Would You Break The Law For Your Child? Can You Imagine?

by Jessica Martin-Weber

Some version of it is so common it is almost a cliché: “I would do anything for my child.”

Most of us mean it too. There’s nothing we wouldn’t do for our children. Mostly. Certainly nothing we wouldn’t do for their safety, to keep them out of harm’s way.

Would you break the law for your child?

If someone harmed your child, raped them, threatened their life, would you be willing to break the law to keep your child safe? Or would you be ok if the laws in place put them in more danger? Left them more vulnerable?

Can you imagine being faced with such a consideration?

I can.

I have.

When we learned that two of our children were being sexually abused by the teenage son of our best friends, after getting over the initial shock I had an overwhelming compulsion to take my family and run. Montana sounded good. Far away from where we were in Houston, Texas, and remote. My children would be safe from harm there, I thought. It would be hard but we would manage.

But to do so could be obstruction of justice. The state was prosecuting. Our children were witnesses. So were we. We would be breaking the law to leave even if it was to protect our children from a very real and proven threat.

Can you imagine?

That idea didn’t last long. It was soon replaced with something else as a slow burning rage was lit inside me as more and more details emerged of what happened to our girls. Each step of the forensic investigation- the retraumatizing rape kit experience from hell for my 5 year old daughter, the CPS investigation of our family, the sickening 6 hours we sat waiting for our two children in an interview with a forensic psychologist that we weren’t allowed to be present for, and the therapy appointments revealing more trauma. Trauma of her life being threatened if she told, trauma of having to protect her parents because he told her he would kill us too if she told and that we wouldn’t love her anymore. 

I didn’t just feel sickened, I felt a desperate consuming rage.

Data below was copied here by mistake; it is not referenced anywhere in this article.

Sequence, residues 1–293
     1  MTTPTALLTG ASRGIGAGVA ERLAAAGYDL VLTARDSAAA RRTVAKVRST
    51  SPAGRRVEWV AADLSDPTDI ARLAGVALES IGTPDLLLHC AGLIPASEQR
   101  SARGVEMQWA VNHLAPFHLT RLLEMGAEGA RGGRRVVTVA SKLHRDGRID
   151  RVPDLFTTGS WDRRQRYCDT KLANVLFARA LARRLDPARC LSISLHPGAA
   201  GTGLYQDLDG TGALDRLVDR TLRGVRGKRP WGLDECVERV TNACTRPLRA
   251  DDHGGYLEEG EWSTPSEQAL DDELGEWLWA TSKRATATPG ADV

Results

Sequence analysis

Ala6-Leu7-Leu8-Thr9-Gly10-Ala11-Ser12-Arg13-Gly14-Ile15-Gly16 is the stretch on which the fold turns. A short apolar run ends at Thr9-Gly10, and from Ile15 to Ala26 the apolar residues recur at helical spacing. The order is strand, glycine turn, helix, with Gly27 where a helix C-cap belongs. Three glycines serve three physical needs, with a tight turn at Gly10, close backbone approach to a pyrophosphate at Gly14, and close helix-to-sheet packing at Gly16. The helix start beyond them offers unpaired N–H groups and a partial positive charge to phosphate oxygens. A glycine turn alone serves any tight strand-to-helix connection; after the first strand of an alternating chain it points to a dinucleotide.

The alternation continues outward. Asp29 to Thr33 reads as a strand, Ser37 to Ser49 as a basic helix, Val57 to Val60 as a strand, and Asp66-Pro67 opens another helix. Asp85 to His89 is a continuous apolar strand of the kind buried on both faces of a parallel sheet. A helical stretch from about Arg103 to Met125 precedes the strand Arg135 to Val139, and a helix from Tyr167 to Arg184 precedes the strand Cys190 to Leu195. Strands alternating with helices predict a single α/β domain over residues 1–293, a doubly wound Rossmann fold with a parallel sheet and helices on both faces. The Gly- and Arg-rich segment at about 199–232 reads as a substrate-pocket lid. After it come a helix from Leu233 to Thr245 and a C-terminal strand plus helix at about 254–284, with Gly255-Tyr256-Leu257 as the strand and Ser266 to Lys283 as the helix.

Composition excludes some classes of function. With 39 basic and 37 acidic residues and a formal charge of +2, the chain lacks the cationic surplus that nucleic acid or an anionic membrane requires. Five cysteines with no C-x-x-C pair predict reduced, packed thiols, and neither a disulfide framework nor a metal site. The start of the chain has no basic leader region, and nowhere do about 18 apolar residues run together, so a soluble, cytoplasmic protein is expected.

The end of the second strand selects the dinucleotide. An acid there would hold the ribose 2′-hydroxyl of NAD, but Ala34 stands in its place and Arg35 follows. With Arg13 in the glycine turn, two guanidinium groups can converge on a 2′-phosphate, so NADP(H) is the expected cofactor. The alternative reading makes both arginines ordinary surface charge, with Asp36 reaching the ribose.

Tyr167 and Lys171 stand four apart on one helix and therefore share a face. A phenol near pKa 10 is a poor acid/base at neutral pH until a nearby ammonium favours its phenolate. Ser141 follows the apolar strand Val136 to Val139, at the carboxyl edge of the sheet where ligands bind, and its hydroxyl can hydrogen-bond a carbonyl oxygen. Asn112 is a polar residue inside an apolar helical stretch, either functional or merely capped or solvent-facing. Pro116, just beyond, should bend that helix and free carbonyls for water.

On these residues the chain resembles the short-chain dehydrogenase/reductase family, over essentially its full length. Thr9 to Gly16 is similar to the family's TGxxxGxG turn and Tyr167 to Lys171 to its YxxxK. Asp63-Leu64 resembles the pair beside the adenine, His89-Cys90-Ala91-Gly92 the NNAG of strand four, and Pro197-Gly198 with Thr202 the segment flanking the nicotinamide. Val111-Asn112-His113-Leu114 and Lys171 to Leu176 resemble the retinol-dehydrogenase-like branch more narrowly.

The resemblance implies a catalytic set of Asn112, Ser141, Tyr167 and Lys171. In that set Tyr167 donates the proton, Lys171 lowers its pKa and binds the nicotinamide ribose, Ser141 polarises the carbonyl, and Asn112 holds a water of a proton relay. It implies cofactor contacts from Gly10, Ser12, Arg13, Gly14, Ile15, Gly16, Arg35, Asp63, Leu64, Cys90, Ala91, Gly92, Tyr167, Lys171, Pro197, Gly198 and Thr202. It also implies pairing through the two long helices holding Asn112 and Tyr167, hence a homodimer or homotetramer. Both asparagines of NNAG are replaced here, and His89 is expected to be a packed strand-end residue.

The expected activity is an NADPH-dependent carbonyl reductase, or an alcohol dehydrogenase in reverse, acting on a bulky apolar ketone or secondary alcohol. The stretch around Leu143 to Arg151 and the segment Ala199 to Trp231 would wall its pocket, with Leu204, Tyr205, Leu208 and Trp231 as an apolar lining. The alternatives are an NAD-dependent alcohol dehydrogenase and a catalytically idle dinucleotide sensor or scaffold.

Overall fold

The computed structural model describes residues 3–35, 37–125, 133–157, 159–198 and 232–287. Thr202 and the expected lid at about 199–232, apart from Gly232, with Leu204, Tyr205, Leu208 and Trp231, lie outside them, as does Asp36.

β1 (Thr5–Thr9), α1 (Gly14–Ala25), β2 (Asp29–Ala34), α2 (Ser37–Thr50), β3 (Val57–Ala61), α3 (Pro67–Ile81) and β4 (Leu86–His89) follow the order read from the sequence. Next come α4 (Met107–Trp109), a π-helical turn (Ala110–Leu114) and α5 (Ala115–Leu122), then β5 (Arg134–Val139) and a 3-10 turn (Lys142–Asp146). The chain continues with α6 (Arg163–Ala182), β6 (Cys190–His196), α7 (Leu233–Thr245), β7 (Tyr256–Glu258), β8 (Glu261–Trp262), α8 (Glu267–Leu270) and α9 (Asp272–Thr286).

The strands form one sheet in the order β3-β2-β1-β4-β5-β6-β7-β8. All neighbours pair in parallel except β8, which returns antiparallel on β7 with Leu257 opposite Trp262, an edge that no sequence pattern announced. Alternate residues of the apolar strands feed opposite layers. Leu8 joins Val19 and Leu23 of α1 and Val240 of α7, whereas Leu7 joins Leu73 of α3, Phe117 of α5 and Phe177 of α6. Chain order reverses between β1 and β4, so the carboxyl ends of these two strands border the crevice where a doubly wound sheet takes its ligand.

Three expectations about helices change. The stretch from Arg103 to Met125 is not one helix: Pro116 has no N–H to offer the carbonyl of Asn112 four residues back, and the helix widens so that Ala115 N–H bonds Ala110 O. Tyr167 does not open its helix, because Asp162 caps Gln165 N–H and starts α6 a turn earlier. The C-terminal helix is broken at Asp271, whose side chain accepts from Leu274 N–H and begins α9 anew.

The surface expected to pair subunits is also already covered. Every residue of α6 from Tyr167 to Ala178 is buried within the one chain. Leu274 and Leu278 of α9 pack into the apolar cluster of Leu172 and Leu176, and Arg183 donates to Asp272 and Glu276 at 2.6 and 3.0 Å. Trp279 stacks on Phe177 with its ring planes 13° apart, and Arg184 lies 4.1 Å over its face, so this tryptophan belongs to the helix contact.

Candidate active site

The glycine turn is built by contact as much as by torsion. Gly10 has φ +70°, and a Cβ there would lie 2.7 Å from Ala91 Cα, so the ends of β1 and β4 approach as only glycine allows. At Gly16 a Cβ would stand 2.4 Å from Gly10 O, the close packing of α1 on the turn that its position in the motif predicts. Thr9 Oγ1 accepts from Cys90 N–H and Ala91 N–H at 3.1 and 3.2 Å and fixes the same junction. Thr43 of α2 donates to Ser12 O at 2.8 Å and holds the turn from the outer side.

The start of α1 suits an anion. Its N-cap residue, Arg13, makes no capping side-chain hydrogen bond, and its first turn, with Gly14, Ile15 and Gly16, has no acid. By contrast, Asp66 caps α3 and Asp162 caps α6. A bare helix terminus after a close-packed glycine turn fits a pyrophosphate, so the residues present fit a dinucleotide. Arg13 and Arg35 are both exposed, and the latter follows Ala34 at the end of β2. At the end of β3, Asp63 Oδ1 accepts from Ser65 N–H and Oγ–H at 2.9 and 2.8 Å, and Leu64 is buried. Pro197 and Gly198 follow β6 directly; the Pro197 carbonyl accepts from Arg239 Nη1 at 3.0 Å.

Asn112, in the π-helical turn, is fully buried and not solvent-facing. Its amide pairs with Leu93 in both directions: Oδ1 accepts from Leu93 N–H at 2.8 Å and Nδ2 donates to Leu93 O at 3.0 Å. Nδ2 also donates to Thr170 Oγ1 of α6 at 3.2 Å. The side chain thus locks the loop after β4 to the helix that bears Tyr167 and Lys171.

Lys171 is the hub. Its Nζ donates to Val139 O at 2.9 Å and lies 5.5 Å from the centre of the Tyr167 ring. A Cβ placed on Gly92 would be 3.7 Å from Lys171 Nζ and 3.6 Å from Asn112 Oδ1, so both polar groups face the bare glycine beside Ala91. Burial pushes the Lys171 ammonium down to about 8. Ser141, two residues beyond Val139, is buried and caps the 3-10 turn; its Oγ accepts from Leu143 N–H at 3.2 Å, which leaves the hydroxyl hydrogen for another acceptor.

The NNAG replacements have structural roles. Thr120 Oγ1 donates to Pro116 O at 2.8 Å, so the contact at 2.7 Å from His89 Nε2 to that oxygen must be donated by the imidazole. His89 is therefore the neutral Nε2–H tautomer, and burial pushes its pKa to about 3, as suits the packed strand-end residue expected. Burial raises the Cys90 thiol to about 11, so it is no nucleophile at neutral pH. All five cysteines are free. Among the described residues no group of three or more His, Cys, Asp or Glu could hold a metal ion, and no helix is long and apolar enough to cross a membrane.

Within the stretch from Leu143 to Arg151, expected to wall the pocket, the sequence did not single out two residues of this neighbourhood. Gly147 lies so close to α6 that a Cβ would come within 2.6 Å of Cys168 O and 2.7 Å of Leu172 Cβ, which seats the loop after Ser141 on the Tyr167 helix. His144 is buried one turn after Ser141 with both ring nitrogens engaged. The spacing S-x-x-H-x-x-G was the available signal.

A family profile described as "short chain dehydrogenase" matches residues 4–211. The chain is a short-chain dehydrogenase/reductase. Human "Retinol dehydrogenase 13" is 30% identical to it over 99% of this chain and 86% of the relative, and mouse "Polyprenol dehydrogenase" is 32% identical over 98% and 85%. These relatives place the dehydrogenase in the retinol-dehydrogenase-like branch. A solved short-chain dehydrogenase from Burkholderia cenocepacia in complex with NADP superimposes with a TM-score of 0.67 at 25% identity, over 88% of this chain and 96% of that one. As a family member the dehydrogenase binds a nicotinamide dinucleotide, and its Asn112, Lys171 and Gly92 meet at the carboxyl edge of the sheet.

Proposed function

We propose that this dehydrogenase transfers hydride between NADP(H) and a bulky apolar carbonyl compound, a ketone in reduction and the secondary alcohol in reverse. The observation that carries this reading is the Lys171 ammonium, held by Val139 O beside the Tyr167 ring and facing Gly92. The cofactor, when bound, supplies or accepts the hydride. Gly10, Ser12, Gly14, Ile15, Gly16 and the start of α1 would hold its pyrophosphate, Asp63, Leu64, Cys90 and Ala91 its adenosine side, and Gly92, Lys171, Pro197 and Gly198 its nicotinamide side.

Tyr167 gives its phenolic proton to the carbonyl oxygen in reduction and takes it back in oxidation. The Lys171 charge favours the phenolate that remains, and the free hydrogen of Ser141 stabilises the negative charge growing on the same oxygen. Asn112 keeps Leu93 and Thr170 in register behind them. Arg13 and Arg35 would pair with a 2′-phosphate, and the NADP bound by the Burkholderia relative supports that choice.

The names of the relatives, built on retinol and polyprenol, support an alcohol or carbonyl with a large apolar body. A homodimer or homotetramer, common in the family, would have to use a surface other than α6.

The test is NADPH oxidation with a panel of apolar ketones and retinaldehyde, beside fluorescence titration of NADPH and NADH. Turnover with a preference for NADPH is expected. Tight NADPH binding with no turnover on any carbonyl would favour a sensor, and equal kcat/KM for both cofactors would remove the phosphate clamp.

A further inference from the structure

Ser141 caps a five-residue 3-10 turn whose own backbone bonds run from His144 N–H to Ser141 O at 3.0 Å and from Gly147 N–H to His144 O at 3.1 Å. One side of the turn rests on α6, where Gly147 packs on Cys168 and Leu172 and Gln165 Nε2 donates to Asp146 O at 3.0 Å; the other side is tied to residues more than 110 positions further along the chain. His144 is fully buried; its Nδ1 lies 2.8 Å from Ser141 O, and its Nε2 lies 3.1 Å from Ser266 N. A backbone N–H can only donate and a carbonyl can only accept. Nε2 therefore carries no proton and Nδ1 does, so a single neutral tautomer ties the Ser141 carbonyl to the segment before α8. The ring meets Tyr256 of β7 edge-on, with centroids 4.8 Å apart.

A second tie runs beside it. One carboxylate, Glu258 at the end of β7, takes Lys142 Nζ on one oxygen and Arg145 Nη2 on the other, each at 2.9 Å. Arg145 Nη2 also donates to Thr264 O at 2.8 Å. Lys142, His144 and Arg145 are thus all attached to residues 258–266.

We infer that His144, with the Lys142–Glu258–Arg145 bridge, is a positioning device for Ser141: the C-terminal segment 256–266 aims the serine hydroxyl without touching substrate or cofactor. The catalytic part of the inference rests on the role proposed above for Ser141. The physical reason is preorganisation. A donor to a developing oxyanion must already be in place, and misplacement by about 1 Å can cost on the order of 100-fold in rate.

Can you imagine?

I fought to control that rage, to beat it down as our daughter devolved into a shell of who she had been. Bed wetting. Nightmares. Refusing to even look at men including her daddy who loved her so much. Meltdowns. Shutdowns. Her trauma transformed her into someone I couldn’t reach. Her psychologist called it fragmentation. Laying on the floor in front of the bathroom at school several times a week after she had a meltdown and locked herself in, I would slide my finders under the door and talk to her calmly through the crack, to calm her and get her to unlock the door and come out to me. 

Can you imagine?

The whole time one thought just wouldn’t leave my mind even as I coached my daughter through her breathing and centering exercises.

I wanted to kill him.

Or at least make sure he would never experience sexual pleasure again in his life. I wanted him to hurt. I wanted him to pay. I wanted to be sure my children were safe from this person who caused them so much pain.

It has been 15 years and just writing this makes me feel it all over again as strong as if it was yesterday.

Can you imagine?

People would ask us how we didn’t hurt him. They’d tell us that if it had been their child they would have beat him. That they’d be in jail because they would have to do something. How could we not hurt him after what he did to our princess? Some offered to help us get him and they’d hold him so my husband could beat him up. It was clear that they felt the law was inadequate for this situation and that there was good reason to take things into our own hands.

Most people told us they would do something illegal to protect their child. That they’d break the law for revenge on the person that hurt their child.

Can you imagine?

I can. I did. Every day.

A year later as his sentence was read for his conviction of aggravated sexual assault, first degree felony, I shook at the 30 days in juvenile detention, mandated group therapy, 4 years probation, supervised internet access (with no way to enforce), a curfew, restraining order that was waived because his family lived across the street, and deferred adjudication for a sealed record. It was a slap on the wrist.

Maybe everyone was right. Maybe we should take things into our own hands.

10 days later we ran into him at the mall. He had been released early and nobody bothered to tell us. A back-to-school shopping trip turned into a traumatizing outing when my daughter ran into her rapist face-to-face at Target.

Can you imagine?